To his credit, Nandagopal has tried to include more student organizations into the Students First! mix by soliciting the Greeks to join his slate’s coalition. Greek housing is an issue that would only help campus morale and Nandagopal has recognized this. However, it is a year too late, as very little was brought to the surrounding community about the issue when that responsibility fell under the duties of the vice president external, Nandagopal’s position on the 2003-04 council.

    Nandagopal represents the A.S. Council status quo and the students who believe lobbying for off-campus progressive issues is appropriate for a student government. His on-campus goals, such as lobbying the Academic Senate for a committee on athletics to make intercollegiate sports a higher priority, are mostly reasonable. Others, like passing two budgets and forcing students to choose between one with $175,000 in cuts and another with funding preserved by a campus fee increase, smack of scare tactics and are contradictory to his campaign to stop fee increases. The important thing, however, is that Nandagopal has put significant thought into his goals. But it is in the best interest of student life to focus primarily on campus issues and avoid a divisive political agenda.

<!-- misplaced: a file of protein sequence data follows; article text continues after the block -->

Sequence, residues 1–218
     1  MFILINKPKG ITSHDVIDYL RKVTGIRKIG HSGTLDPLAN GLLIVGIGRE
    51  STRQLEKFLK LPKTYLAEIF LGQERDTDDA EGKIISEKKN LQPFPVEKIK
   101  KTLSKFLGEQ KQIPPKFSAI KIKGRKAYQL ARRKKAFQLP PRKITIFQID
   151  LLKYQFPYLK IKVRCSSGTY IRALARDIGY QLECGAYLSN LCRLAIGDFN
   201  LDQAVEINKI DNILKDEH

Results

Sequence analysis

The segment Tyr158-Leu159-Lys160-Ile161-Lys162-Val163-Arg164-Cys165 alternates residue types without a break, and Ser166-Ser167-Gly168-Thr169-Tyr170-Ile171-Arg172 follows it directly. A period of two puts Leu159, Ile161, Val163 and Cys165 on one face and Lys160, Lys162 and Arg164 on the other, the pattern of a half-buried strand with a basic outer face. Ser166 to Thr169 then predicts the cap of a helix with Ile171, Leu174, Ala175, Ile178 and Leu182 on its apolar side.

The rest of the candidate pool is somewhat less attractive. Independent candidate Jenn Pae, currently the vice president internal, is very approachable and has served in leadership positions ranging from a resident advisor to the student representative on the committee to select a new chancellor. She recently won the endorsement of the Triton Athletic Council and has efficiently conducted the A.S Council meetings this year. However, she lacks York’s excitement or Nandagopal’s planning. Pae has not taken a firm position on what is best for the campus community and has been vague as to how solutions can be reached.

    Jeremy Cogan, the Unity candidate and current A.S. Commissioner of Enterprise Operations, has worked hard this year as a commissioner and has been involved in many facets of campus politics. His mantra is to unify the campus and has set forth a list of uninteresting ways to achieve this goal. He recognizes that Associated Students must be a more visible unit for students and that the campus climate needs to be improved. Cogan is dedicated to reaching goals and says the budget problem can be solved without a fee referendum by studying smaller budgets of the past and seeing how those councils allocated funding. However, Cogan represents the bureaucratic side of the A.S. Council, as exemplified by turning the book exchange concept into an A.S. enterprise rather than lobbying on behalf of the students whose non-affiliated “UCSD” sites were shut down.